Incremental Peace in Afghanistan
Publication date: 
2018
Accord issue: 
27
What does Afghanistan’s political history reveal about possible pathways to a more peaceful future, such as the creation of space for non-violent political opposition?
 
The lack of legitimate space for dissent has been a persistent driver of violent resistance in Afghanistan. A predominant political culture has evolved of power concentrated centrally in a single ruler who sets policy and distributes resources leaving no room for non- violent opposition.
 
Leaders have struggled to exert authority nationwide, however, and in practice have had to accommodate regional rivals through de facto provincial autonomy to avoid insurrection. Tackling conflict today requires both strengthening existing governance structures and creating a political system that can incorporate insurgents peacefully. Regional devolution of power could alleviate pressure on the centre, but would still leave the core problem of how to introduce effective opposition politics.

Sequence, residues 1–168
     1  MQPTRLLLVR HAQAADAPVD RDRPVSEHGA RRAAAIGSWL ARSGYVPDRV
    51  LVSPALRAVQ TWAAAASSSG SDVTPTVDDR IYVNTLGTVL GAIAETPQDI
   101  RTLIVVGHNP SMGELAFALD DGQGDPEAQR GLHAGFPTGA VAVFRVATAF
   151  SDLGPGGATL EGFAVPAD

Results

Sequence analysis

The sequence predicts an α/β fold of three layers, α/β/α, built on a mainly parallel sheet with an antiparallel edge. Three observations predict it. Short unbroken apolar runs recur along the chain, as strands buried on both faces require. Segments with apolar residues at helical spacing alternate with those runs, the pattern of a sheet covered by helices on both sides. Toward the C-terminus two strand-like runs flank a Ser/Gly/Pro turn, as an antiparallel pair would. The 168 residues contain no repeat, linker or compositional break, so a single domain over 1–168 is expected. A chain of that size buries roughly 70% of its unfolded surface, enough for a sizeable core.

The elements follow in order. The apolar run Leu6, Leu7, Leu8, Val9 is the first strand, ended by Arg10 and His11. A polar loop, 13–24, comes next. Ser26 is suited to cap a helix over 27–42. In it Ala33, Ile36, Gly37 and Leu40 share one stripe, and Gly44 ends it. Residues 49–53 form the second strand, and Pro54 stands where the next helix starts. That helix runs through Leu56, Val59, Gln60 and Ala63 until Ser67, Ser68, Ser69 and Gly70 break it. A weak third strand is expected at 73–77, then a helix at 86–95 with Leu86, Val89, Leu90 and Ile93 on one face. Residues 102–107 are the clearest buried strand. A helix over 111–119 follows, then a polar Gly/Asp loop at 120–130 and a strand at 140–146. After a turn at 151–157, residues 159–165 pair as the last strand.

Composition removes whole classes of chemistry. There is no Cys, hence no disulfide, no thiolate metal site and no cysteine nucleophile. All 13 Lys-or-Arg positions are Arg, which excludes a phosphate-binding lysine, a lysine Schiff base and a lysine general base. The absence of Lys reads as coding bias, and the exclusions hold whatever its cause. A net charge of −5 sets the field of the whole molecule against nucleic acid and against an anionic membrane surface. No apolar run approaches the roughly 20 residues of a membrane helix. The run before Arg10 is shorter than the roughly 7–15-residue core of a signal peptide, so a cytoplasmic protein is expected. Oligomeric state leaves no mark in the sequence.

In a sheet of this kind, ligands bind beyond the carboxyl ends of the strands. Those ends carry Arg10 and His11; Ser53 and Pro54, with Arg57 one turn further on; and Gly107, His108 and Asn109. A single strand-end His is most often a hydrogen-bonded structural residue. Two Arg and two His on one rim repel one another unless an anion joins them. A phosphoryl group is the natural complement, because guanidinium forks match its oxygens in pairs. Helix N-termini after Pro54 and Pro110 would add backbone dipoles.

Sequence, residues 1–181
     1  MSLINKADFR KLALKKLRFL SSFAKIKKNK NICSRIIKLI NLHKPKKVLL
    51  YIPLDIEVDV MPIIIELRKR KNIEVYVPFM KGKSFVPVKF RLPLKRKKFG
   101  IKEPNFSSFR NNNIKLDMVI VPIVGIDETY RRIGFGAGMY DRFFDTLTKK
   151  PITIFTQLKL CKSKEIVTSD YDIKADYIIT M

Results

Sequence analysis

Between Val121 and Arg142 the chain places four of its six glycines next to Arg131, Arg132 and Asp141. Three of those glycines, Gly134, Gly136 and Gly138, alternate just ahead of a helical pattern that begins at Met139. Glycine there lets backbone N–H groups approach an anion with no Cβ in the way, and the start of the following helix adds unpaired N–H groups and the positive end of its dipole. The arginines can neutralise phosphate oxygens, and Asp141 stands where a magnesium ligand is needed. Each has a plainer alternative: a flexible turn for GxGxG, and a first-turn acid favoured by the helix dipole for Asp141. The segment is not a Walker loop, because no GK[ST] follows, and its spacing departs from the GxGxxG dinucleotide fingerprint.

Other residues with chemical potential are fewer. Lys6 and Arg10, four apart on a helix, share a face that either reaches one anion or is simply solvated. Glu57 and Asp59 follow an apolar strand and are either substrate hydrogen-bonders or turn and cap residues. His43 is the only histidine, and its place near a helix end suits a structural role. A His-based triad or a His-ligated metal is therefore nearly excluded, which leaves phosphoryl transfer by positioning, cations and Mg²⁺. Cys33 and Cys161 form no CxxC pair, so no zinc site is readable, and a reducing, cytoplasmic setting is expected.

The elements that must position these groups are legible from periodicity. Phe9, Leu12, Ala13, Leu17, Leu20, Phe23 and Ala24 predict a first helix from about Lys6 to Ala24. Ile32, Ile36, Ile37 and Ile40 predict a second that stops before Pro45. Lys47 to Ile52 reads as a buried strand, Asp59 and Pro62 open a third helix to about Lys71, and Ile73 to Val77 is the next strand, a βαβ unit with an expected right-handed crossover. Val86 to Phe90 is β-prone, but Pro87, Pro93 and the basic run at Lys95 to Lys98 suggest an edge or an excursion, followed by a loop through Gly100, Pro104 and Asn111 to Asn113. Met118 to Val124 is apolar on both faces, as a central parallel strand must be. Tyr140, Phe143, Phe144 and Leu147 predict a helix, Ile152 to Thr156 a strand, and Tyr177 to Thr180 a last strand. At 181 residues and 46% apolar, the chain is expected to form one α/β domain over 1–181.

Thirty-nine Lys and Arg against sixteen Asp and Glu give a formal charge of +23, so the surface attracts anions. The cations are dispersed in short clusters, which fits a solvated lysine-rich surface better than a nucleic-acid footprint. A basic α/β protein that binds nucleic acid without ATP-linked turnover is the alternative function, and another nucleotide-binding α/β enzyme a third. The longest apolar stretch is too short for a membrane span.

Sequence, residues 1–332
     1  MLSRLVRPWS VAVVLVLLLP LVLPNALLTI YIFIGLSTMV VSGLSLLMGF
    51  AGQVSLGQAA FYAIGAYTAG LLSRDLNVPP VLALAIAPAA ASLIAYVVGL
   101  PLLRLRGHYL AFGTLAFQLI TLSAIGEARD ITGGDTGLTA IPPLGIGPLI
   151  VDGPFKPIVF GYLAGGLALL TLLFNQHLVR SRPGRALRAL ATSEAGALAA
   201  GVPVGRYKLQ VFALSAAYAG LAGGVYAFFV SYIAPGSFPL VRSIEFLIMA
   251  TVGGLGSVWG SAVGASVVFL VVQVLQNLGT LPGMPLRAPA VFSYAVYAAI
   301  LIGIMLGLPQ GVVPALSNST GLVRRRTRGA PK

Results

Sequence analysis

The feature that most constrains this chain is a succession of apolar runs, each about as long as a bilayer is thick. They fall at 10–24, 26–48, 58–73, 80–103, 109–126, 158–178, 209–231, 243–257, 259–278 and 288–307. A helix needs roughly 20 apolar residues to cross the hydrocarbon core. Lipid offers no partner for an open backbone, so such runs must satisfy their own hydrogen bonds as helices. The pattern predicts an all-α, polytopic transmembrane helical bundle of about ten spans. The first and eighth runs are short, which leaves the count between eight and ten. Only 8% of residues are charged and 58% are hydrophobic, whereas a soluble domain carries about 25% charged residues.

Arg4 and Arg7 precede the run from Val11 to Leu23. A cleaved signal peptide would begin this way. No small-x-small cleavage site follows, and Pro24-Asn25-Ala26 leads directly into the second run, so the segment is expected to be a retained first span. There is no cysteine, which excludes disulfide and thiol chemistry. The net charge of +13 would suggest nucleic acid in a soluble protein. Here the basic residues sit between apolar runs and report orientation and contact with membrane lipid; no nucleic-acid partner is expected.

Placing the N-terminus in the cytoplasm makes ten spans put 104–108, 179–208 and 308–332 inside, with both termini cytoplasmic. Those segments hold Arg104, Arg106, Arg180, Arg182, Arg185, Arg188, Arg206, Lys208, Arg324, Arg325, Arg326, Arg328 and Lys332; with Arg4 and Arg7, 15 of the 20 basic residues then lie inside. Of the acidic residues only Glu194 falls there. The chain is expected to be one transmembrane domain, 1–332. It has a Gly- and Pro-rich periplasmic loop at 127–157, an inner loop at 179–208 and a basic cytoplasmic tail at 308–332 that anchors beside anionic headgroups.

An emerging political dynamic with potential to break this enduring deadlock may be found in Afghanistan’s growing young population, who increasingly see political participation as a right rather than a privilege and are making demands for more meaningful representation.